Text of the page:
St. Andrews Civic Trust Heritage Awards

SAINT ANDREWS – Nikki MacFarlane and David Peterson are co-owners of Niger Reef tea house in Saint Andrews. In the 1990s, to save the building from demolition, the St. Andrews Civic Trust purchased the property. They eventually sold it to the town, who after a while leased the tea house to the present owners, who were eventually given the option to buy the property. Now its current owners have won a St. Andrews Civic Trust Heritage Award, which Peterson thought was “Pretty cool.

“We love being part of the historical preservation of the town,” says MacFarlane.

The two had recently put a new cedar shingle roof on the 1926 tea house, in keeping with the historic aesthetic.

“We want to maintain the integrity of the building,” says MacFarlane. She speaks of the upkeep of an older building, saying she’s getting “pretty good,” at applying oakum, traditionally twisted hemp soaked in tar, between the unpeeled logs of the building. “I’ve learned a new skill,” she laughs.

While the exterior the Niger Reef tea house is special, it is the murals inside that put this waterside property on the historic map. “Florence Ayscough built the tea house,” says MacFarlane. “One of her artists friends, Lucille Douglas did the murals. She was a fairly well-known artist, and these are the only murals she is known to have done.”

The murals have an oriental influence, perhaps echoing Ayscough’s childhood in China and her cultural area of expertise.

“When people come in, they think it’s wallpaper,” MacFarlane says. “But when they hear the story they’re really engaged.”

The heritage awards are intended to acknowledge, celebrate, and promote architectural heritage in the community. The St. Andrews Civic Trust website says one organizational goal is “Work that which assists in preserving, restoring, building, or maintaining buildings, structures, and sites for historical and cultural purposes.”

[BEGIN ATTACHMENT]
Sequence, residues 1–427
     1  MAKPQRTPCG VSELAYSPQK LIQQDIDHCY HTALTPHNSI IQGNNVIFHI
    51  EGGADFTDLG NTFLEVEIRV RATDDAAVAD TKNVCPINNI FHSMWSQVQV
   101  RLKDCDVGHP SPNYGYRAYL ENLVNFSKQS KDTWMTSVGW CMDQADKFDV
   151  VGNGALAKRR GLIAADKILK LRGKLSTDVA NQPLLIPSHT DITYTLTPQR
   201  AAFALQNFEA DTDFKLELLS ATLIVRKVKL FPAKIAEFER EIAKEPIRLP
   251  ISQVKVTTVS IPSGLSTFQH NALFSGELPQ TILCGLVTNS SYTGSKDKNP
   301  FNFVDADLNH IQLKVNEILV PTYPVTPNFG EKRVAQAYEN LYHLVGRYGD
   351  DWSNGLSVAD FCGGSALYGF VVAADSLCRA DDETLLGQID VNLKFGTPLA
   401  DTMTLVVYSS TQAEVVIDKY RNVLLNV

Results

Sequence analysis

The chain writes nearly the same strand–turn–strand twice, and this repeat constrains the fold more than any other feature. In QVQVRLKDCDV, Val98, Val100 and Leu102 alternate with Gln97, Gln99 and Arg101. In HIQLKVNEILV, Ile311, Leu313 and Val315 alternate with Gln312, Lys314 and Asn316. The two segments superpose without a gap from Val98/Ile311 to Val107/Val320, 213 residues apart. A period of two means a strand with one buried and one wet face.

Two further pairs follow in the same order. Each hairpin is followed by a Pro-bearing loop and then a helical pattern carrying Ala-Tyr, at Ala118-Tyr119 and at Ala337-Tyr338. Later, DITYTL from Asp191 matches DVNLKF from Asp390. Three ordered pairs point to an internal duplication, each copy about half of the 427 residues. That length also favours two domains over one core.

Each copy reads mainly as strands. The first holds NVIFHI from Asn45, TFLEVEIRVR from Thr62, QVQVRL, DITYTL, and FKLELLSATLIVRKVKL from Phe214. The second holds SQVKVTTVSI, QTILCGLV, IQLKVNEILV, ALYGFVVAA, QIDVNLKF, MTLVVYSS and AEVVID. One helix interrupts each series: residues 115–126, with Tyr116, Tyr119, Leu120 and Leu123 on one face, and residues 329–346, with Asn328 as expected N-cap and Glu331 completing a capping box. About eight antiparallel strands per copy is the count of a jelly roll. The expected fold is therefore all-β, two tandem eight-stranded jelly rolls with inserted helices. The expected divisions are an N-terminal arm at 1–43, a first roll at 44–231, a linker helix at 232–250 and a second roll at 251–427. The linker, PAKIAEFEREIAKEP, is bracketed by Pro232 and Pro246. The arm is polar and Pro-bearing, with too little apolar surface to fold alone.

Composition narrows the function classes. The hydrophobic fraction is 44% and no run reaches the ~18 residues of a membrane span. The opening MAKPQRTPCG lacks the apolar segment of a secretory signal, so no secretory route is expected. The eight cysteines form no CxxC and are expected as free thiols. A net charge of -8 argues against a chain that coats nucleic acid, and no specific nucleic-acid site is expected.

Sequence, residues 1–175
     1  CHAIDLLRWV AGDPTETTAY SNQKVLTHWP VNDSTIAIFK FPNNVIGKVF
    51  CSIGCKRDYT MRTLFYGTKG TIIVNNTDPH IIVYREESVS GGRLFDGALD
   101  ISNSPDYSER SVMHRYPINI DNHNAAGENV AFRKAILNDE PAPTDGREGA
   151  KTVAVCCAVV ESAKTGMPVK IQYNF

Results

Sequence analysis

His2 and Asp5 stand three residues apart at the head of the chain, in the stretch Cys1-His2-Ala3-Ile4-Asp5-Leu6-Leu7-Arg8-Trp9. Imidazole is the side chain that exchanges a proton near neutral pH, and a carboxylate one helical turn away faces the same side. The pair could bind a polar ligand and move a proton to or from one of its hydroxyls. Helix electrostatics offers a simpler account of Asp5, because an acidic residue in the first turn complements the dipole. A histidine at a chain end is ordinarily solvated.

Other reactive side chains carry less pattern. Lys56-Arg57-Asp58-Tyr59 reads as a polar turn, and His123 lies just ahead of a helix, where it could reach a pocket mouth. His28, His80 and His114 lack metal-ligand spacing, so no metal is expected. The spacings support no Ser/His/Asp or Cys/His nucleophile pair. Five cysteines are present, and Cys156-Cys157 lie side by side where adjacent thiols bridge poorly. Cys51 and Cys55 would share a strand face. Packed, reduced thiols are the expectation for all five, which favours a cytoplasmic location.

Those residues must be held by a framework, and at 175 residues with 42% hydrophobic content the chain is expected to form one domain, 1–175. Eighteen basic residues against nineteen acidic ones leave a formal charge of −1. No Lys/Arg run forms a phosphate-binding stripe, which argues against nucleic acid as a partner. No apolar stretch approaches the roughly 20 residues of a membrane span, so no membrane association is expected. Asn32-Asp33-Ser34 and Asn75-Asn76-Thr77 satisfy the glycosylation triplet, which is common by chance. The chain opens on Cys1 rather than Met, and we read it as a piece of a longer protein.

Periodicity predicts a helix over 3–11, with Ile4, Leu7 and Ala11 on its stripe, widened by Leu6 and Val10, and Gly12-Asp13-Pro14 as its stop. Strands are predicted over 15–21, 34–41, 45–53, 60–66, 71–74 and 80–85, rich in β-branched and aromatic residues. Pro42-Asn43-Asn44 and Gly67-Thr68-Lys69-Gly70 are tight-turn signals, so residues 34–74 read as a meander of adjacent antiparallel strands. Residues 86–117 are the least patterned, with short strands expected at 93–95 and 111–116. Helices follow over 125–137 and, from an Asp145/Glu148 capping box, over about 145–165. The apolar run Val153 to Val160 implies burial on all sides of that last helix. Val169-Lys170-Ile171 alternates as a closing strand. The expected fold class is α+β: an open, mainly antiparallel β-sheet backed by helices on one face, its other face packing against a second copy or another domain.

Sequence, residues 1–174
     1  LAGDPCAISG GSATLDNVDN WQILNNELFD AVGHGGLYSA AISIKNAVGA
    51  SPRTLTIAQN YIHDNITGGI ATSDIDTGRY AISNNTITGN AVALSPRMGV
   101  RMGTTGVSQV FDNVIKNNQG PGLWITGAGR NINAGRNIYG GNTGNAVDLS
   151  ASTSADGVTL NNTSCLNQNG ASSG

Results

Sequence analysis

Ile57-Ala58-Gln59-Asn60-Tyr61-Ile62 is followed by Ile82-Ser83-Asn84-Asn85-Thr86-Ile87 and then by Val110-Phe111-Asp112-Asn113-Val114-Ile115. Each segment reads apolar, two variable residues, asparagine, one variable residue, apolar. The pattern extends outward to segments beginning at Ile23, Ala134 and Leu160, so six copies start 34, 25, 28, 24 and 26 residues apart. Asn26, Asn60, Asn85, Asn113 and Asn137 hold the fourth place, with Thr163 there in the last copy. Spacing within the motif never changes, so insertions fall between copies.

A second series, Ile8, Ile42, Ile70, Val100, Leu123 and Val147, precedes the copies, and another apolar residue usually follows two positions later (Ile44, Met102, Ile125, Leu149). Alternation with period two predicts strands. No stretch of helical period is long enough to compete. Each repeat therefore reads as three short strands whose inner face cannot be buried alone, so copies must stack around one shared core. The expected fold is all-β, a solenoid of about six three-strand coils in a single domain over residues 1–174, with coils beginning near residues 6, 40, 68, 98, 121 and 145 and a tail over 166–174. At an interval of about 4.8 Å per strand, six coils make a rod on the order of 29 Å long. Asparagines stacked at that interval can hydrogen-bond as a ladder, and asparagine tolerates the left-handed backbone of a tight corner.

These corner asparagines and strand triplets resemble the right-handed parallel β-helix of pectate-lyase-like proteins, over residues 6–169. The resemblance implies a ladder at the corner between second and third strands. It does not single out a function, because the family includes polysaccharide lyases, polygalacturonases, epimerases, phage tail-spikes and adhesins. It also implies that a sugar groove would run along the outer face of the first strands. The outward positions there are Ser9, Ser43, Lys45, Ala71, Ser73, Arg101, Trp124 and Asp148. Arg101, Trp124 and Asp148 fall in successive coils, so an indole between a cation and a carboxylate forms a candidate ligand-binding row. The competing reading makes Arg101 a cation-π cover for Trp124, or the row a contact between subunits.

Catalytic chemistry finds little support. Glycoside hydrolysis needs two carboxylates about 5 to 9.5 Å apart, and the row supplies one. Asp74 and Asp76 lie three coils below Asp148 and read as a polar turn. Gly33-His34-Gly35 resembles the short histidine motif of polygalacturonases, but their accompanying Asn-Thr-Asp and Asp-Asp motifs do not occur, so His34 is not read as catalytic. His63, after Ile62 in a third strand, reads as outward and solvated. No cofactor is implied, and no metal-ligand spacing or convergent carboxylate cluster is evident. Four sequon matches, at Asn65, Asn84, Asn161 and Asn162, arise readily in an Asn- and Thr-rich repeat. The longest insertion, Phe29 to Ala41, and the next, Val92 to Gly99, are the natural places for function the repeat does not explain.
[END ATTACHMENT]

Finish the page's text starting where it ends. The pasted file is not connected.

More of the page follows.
There has been no shortage of nominees since the civic trust was formed in 1973.

“We have an embarrassment of riches when it comes to historic architecture,” trust President Barry Murray says. He points out that some of the first houses arrived with the Loyalist settlers who disassembled their homes and floated them from Castine, ME, to Saint Andrews in 1783.

Murray is very proud of heritage quality of the town plat. The area has been designated a Historic District National Historic Site by Parks Canada, whose website remarks Saint Andrews is “…a fine and rare surviving example of a Canadian town whose plan and character clearly reflect its 18th-century origins.”

In addition to annually awarding five owners with a Heritage Trust citation, the trust carries out other projects. The trust has directly preserved some buildings, such as the aforementioned Niger Reef tea house and the Pendlebury Lighthouse at the end of Patrick Street. “But that’s doing business the hard way,” Murray says.

He prefers to assist newcomers to town, or those who already own heritage properties, by providing them with information and images when possible.

The trust itself recently won an award of distinction from the board of the Association Heritage New Brunswick in October 2021. The trust newsletter states the award was received for the organization’s “commitment to preserving, protecting and promoting the history and built heritage of Saint Andrews.”